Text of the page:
Rude Candidates are Annoying. But, Maybe I Should Be Nicer to Them

Jason Pankow Always Be Closing, Bad HR, Communication, Compensation/Cash Money, Jason Pankow, Making Offers, Negotiation, Recruiting

Something has been bugging me and I feel I need to confess.  It happened many years ago and I frequently think about it.  But, not until recently have I started looking at myself and thinking I should have done something differently.

Let me explain.  Long, long ago…I was recruiting for a very premiere brand in the industry (for the record, said company is not a part of Microsoft).  These people were the cat’s meow (do people still say that?  I bet Laurie Ruettimann does).  They had a huge name brand, bazillions of loyal fans, and an IP people were beating down the door to work on.

I was working with a new hiring manager who was ready to make an impression.  He opened up a new kind of role…a role that was not common in the industry, but that many people were starting to see value in.  During our initial review meeting, I asked the standard question, “Do you have anyone in mind already?”  Why, yes…he did.  A friend of a friend of a friend knew this guy.  So, I called said guy and we chatted.

Immediately, the candidate tells me that he gets 5 weeks of vacation at his current job.  These 5 weeks are very important to him.  Immediately I respond that there is no way he will get 5 weeks vacation out of the gate.  Won’t happen.  But, we both agreed that, despite this, it was worth continuing the conversation.

So, we run him through an interview.  His current pay was rather low.  See…rather than give employees raises, his current company gave them more vacation time.  So, when we put together an offer, we brought him to where we thought he should be and even sweetened it a bit to compensate for the vacation he was losing.  I may have said it before on FOT, I like to give the best offer first.

Here’s where the drama starts.  I call him to roll out the offer.  I give him all the details.  As I am talking, he is silent.  Nothing.  Finally, I finish.  More silence.  I ask what his thoughts are.  He says, “I don’t know.”  And then hangs up on me.

Now… I’ve been hung up on before.  But, it’s usually very early in the process.  You know, “Hi! This is Jason calling from…” *click*.  This was the first time that I had built a relationship, worked with someone through our entire hiring process and then had them completely disregard me in that way.  How freakin’ rude!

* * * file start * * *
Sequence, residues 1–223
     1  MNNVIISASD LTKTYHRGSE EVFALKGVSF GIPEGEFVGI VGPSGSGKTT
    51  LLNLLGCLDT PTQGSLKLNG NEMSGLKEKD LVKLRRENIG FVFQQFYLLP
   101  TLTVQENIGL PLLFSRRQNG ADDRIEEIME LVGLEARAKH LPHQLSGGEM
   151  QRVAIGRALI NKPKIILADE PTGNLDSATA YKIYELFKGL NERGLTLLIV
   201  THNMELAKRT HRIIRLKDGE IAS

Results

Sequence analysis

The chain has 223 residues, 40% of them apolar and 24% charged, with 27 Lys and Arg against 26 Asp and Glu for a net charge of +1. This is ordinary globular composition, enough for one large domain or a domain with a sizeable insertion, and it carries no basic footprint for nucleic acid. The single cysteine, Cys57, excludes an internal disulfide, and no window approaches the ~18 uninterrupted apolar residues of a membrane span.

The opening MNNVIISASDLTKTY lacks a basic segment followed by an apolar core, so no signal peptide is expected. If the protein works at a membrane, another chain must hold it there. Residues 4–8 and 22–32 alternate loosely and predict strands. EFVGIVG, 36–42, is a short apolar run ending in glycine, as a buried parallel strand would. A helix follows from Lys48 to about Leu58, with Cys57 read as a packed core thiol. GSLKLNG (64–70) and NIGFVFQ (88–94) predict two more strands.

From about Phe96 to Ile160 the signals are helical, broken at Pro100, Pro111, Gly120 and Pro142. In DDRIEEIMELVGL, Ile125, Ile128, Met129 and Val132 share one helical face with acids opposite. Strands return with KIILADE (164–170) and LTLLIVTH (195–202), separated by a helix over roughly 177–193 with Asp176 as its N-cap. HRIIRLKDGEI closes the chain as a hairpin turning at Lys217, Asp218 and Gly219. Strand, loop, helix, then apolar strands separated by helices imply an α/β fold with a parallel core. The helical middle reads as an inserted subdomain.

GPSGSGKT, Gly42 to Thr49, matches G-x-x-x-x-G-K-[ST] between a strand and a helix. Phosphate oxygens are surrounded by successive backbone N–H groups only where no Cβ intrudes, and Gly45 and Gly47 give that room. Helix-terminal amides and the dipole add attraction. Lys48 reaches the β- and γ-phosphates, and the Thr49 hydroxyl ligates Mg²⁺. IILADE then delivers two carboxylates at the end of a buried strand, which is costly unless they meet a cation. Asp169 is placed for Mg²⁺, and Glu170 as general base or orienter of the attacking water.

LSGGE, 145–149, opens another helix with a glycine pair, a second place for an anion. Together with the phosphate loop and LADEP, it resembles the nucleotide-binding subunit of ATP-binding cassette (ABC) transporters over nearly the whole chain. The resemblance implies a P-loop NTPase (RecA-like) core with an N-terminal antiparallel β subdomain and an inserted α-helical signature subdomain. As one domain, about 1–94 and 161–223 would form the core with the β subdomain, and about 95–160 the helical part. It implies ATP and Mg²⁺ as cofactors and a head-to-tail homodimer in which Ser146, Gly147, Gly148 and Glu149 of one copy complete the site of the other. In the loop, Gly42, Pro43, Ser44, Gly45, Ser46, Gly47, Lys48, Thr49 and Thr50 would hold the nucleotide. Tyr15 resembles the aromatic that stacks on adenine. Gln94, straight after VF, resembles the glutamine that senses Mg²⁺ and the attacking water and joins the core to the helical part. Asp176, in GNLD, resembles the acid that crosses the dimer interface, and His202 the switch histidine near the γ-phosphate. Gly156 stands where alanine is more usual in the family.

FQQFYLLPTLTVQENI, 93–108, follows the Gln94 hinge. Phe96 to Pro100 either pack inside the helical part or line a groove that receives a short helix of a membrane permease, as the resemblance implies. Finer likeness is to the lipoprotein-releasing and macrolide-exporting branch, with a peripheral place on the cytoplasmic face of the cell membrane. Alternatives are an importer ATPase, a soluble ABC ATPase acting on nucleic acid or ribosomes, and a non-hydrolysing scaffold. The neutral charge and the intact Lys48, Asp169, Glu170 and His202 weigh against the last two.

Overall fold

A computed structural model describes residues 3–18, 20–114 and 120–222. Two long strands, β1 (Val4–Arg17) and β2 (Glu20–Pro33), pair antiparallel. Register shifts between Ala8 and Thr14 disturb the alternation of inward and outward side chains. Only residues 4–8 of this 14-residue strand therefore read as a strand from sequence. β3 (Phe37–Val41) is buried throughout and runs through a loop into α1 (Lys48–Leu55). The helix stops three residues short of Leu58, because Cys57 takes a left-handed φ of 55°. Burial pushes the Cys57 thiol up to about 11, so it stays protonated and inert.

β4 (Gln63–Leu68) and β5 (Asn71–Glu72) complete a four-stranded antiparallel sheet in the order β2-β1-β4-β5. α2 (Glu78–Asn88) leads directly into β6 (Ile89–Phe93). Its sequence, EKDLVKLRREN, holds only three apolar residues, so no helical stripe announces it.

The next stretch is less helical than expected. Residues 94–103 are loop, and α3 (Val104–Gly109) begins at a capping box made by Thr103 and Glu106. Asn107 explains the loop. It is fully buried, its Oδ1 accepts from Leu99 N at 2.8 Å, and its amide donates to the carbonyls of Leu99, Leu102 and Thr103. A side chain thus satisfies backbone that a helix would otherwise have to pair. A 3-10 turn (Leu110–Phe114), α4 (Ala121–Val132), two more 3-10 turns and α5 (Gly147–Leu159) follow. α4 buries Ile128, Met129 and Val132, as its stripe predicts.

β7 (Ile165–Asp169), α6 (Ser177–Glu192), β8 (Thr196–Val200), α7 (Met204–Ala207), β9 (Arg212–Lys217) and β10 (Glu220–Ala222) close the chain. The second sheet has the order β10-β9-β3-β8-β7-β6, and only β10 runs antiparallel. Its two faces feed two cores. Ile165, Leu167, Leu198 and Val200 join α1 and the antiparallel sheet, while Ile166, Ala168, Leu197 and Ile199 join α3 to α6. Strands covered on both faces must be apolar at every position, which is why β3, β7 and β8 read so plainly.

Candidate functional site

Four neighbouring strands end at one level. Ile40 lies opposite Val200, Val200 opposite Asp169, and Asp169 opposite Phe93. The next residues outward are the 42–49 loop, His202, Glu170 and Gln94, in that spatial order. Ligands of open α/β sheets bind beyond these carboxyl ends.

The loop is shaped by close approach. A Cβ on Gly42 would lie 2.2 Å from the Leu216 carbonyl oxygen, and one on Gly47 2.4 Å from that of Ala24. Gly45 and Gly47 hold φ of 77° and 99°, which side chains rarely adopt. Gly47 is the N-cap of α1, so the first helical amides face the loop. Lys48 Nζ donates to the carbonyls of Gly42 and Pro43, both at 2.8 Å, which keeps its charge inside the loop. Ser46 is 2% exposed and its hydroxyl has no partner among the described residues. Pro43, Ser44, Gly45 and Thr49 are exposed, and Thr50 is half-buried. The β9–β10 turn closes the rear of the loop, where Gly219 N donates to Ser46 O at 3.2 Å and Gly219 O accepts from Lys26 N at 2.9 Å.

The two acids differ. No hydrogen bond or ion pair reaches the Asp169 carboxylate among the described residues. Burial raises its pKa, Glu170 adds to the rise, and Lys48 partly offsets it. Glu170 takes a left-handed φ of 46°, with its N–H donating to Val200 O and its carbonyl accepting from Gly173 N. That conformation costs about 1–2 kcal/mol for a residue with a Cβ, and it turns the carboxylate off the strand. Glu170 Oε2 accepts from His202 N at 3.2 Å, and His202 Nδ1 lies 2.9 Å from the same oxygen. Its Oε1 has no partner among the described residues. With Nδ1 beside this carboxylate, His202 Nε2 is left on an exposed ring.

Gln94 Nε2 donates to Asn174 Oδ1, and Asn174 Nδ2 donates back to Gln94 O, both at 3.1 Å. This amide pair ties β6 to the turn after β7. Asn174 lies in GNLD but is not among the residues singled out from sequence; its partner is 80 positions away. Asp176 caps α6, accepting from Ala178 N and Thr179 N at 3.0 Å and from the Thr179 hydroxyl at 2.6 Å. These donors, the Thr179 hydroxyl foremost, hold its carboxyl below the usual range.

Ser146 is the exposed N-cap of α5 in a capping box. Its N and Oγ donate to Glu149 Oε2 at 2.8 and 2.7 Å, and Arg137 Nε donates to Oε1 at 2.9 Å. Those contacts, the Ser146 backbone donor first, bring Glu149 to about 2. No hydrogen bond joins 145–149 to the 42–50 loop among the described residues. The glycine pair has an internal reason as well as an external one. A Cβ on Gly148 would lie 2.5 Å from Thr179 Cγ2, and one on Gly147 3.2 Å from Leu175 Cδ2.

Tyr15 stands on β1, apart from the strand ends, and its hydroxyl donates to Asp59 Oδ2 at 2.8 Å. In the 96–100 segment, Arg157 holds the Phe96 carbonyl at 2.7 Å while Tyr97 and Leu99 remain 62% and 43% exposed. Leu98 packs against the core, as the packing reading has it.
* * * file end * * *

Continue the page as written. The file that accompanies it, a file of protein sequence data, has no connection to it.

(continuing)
Within 5 minutes, I get an e-mail.  In a nutshell, he was ticked because we didn’t give him 5 weeks of vacation.  The significant salary increase… that’s what he’s worth, so it’s no surprise.  The bonus… anyone at his level (which, to be honest wasn’t THAT high) should have gotten one.  And the stock award… well… stock is nothing.  It could be worth zero next week.  Never mind that he doesn’t have to pay anything to get this stock.

I’m annoyed.  I call him back.  The conversation quickly escalates.  I’m mad at his rude reaction.  He’s mad at what he sees is a lowball offer.  I’m mad that our FANTASTIC offer is being regarded as crap.  He’s mad that I am actually thinking such an insulting offer is even worth his time.  The discussion isn’t pretty.  In the end, he says that if we are not giving him his 5 weeks vacation, we need to increase our offer by an additional significant amount of money.  I say No…on the spot.  We end our conversation.

I call the hiring manager to relay the results of this conversation.  I was expecting him to say, “Damn straight we’re not giving him that money!  That’s ridiculous!  The offer we made was above and beyond already.”

But, that’s not what he said.  Actually, what he said sounded more like, “Give him what he wants.”

Wait… what?

Anywho… following another somewhat heated discussion with the hiring manager, in the end, I got to tuck my tail between my legs, call back Capitan Jerkface and give him what he wanted.

So…what have I learned?  Why the mea culpa (which I am told is Latin for…something)?  To this day, 8 years later, this is a scenario I reference when asked about a time when I failed.  But, for the longest time, I would say I failed because I couldn’t convince the hiring manager that it was stupid to hire this guy.  Now, after time and reflection and a recent discussion with a colleague, I am rethinking that.  Obviously, the candidate could have handled things better.  I’m not letting him off the hook.  At no point did I bait and switch him.  His reaction was over the top.  Still…maybe I also overreacted.  Maybe I should have been nicer.  Instead of getting heated and letting the conversation escalate, maybe I should have tried harder to calm him down and get him back into reality.  Maybe I let my pride get to me.  I look back now and think, maybe, I could have handled this differently and gotten a better outcome.  I could have been the bigger person.

Or… maybe the guy was a putz and we shouldn’t have hired him.  Whatever.